Colours Of The Cage is an unsparing account of the nearly five years activist Arun Ferreira lost forever in Nagpur Central Jail after being accused of being a Naxalite. In May 2007, Ferreira was forced into a car by 15 men, beaten and blindfolded as he heard his abductors discussed the option of killing him off in an encounter. Till September 2011, Ferreira languished in prison while nine cases were slapped against him.
On one level, one expects a prison diary to be searing and revelatory of a state’s corruption — and Ferreira’s is that.
Arun Ferreira is studying criminal law to help political prisoners. Pic/Bipin Kokate
But what makes his memoir most compelling is its pithy, unembellished prose. Ferreira lets his experience do the talking. Like this — ‘Both my legs would be forced wide apart and a cop would stand on my thighs so that I couldn’t bend them. Sometimes my interrogators would pinch my or pull my hair or pierce the skin under my nails with pins’.
The book has illustrations depicting prison life, which Ferreira attributes to his intense state of despair. Ferreira began drawing to — ironically — cheer his toddler son up by illustrating superheroes in his letters back home. He then began sketching the yard where they played volleyball and other sketches for the prisoners whom he taught geography, English and maths. “We were denied a geography textbook because it had a map of Nagpur. What if we used it to escape from prison. Naxalites are capable of such things…,” says Ferreira wryly.
A year ago, to write a book on life in jail, Ferreira went through a harrowing time while sifting through the letters he wrote back home to remember details. “I could see how much I had downplayed the details to protect my family from anguish,” says Ferreira.
The activist also decided not name the policemen who tortured him ruthlessly. “The book’s aim is to expose the brutality of the system. Taking names would expose some officials, but the real tormentors higher up will remain shielded.” He says he also wanted to essay the characters he met to throw up social or political issues. For instance, in the book, Ferreira has a long discussion with a policeman who frequently beat up prisoners and broke a lathi or two during each beating, which was called ‘Shyam Bhajan’. “He told me how prisoners — political and otherwise — must not have human rights. Jail, he sincerely explained, must soften them,” remembers Ferreira. He also recalls a debate with a prisoner who believed that if prisoners were a vote bank for politicians, their plight would improve.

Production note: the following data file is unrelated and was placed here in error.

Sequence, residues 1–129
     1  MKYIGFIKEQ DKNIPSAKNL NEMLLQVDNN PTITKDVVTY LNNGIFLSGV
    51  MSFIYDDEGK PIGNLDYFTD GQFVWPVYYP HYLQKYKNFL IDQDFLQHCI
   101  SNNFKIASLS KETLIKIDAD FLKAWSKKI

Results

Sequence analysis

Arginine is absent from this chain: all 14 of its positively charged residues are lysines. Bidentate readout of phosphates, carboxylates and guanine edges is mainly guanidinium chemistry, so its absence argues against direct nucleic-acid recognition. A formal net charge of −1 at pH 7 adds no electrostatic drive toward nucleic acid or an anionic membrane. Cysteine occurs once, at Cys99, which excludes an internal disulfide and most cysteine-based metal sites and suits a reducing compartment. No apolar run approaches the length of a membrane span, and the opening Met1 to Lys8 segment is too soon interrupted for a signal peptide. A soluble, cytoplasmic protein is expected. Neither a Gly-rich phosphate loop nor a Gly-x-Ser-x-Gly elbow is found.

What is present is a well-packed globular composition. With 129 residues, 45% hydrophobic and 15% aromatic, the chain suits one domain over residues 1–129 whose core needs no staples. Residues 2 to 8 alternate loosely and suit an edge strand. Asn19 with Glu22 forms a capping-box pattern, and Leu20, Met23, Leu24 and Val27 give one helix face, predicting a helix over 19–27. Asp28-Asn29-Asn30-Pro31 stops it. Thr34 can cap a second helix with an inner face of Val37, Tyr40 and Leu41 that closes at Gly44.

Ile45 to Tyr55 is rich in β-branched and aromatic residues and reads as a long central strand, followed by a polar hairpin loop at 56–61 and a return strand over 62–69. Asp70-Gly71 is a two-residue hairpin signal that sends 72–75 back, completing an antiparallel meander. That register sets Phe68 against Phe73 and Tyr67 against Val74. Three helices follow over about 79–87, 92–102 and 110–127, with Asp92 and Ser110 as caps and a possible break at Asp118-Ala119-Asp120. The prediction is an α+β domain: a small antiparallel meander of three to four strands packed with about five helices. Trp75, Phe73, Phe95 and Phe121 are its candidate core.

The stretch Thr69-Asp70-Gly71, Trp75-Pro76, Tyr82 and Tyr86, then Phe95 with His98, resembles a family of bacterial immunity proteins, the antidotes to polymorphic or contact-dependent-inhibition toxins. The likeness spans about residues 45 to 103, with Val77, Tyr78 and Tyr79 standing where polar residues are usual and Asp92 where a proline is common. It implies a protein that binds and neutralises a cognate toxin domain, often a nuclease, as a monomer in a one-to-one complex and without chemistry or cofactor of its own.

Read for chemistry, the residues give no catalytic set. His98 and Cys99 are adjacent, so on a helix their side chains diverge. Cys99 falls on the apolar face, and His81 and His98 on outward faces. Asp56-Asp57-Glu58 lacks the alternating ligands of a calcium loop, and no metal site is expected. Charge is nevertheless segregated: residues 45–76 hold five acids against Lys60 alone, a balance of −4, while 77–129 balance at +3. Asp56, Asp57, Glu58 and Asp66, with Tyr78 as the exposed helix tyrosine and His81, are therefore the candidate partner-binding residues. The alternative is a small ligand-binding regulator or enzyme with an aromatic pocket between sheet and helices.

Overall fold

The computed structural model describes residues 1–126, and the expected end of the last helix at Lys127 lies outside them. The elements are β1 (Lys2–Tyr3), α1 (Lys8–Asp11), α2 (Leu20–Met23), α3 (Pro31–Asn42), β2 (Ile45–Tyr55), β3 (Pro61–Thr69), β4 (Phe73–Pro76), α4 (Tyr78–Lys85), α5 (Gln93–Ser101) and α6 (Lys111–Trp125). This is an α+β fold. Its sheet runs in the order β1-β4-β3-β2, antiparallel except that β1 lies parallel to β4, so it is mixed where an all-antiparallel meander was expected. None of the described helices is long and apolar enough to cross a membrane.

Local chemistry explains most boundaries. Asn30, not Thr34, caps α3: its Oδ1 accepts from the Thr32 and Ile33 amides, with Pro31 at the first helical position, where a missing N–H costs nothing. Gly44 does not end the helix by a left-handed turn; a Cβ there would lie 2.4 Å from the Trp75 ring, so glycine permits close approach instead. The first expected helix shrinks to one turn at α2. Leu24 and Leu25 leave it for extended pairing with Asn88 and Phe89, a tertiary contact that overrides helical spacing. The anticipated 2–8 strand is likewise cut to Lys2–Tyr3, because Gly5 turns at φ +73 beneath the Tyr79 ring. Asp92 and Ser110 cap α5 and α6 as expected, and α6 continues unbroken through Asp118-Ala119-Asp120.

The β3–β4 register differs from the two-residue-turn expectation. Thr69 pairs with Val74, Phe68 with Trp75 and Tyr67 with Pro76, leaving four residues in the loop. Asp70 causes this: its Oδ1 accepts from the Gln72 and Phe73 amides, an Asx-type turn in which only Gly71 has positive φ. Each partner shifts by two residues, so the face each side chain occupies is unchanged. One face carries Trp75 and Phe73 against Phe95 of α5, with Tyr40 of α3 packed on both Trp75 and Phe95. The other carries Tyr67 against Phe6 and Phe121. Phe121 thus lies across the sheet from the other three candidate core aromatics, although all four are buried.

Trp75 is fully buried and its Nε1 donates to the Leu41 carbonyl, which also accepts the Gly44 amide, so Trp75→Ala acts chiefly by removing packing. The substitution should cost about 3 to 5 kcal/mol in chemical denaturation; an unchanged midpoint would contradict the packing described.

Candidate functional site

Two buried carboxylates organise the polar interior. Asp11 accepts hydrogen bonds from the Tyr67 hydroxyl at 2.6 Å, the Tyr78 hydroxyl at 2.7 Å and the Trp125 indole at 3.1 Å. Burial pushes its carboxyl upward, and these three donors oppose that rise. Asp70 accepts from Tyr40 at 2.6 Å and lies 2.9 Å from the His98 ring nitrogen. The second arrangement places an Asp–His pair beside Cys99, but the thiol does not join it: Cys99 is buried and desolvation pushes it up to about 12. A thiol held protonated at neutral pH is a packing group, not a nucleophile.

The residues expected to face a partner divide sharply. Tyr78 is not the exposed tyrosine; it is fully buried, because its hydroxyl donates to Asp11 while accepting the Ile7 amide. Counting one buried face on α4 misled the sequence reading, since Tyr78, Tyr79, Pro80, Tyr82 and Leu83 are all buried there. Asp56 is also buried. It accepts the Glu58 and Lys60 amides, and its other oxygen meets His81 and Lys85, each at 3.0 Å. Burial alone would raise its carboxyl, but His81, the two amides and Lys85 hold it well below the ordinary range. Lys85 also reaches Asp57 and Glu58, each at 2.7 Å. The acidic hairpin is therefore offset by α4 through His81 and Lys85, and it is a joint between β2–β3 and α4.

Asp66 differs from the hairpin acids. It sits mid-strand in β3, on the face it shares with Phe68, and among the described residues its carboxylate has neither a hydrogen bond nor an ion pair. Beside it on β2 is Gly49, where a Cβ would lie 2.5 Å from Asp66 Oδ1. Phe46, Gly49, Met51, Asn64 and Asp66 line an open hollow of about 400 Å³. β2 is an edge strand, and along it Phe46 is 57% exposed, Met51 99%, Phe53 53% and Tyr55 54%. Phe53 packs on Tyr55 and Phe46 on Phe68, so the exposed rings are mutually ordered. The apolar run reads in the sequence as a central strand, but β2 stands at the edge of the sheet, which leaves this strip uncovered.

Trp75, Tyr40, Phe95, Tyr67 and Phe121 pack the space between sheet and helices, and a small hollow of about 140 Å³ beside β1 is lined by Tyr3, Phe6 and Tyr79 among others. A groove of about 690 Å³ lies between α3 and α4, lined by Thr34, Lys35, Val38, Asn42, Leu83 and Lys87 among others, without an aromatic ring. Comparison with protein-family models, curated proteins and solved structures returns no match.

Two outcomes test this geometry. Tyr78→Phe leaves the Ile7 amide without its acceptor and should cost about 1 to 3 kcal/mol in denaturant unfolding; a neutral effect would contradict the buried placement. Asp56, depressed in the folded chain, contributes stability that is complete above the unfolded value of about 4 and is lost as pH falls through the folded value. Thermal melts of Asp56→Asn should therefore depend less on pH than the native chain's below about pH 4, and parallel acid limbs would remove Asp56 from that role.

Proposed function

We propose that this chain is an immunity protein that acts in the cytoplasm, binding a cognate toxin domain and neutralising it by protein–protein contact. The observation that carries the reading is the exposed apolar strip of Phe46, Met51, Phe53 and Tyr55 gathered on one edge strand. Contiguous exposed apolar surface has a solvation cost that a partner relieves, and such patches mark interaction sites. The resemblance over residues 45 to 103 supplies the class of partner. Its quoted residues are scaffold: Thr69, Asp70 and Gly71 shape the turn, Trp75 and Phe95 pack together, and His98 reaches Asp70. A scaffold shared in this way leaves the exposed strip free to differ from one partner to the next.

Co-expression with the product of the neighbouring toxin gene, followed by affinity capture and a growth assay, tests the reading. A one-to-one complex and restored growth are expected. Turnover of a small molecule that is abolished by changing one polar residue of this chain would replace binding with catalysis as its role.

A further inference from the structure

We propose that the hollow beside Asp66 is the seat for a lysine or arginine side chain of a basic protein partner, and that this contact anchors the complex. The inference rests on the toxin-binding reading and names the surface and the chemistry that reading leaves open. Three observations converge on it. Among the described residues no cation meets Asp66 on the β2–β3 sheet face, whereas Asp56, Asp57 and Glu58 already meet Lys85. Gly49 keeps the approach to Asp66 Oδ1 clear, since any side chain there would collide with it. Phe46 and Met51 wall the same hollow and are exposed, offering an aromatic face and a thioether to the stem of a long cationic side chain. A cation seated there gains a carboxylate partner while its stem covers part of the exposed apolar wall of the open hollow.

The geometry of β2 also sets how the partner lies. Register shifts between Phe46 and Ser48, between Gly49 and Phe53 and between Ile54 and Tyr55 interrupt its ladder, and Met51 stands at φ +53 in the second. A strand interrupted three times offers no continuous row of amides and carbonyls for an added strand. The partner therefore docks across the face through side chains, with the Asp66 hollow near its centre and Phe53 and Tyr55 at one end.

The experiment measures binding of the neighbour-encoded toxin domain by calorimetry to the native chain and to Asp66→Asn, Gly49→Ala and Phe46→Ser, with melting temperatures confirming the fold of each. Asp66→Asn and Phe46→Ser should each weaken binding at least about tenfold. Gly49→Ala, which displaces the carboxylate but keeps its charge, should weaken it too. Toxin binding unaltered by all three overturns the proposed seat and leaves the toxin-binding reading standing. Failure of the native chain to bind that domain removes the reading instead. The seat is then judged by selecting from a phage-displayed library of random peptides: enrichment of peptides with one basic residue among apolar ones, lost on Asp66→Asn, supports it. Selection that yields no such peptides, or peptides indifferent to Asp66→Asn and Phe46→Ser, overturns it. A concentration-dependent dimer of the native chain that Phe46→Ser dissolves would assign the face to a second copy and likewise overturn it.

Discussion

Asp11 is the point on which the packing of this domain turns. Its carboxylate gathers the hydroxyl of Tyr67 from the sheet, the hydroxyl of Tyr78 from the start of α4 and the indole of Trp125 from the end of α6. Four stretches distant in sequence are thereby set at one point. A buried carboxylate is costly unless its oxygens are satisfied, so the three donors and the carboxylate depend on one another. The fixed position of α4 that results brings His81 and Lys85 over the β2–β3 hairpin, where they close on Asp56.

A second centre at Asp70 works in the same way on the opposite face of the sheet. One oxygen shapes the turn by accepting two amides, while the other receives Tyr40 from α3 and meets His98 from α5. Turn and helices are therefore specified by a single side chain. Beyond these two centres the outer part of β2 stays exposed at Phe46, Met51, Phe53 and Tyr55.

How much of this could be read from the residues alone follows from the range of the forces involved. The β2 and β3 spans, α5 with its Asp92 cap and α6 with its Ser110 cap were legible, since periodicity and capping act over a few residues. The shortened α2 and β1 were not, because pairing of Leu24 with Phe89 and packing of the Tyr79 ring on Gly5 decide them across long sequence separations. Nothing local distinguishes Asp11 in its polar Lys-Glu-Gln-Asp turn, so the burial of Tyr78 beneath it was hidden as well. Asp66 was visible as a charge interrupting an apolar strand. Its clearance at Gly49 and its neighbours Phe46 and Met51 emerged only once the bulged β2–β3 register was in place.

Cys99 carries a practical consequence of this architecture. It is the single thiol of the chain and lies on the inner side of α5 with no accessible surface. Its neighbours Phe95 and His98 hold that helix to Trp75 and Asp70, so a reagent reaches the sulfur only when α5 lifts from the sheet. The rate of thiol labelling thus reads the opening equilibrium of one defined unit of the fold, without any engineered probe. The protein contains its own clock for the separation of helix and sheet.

Often, Ferreira writes about his thoughts on befriending those in jail for serious, sexual offences, including Allan Waters and those responsible for the Khairlanji massacre. “Compulsion — that’s all that’s there to it. The isolation, the nature of the place compels you to speak to whomever you can,” he explains. As a political prisoner, Ferreira deeply yearned for dialogue with other political prisoners, debate, and news of the outside world.
Merciless abuse in prison has only strengthened Ferreira’s resolve. He earned his postgraduate degree in Human Rights in prison, is now studying to become a criminal lawyer to work with political prisoners, and publishes illustrations on police atrocity in the online magazine, DailyO. “They couldn’t break me. Now, when I read about cases of torture, I can read between the lines and determine the officials’ real motives. A suicide in the Anda cell, for instance, is rarely just that. I use my experience to help others, who are not even as privileged as me — tribals, dalits for whom this torture is rule, not an exception,” he says.
An illustration Arun Ferreira drew in the Nagpur Central Jail
A lot has changed in the five years he spent in jail — a reality Ferreira is not stranger to. “I’d say most things have got worse — the platforms to voice opinions and critique are few, and shrinking. There is still no respite from draconian laws such as MCOCA and Unlawful Activities (Prevention) Act, which are often used to crush dissent,” says Ferreira.
The only silver lining he sees is that political prisoners are, again, in the spotlight, and the Free Binayak Sen campaign is a case in point, says Ferreira. “People spoke about political prisoners in Indian history during Independence, post Naxalbari, the Emergency and now during Binayak Sen’s release. I don’t want to make my prison experience sentimental — I want to be the rallying point to fight for the cause,” says Ferreira.
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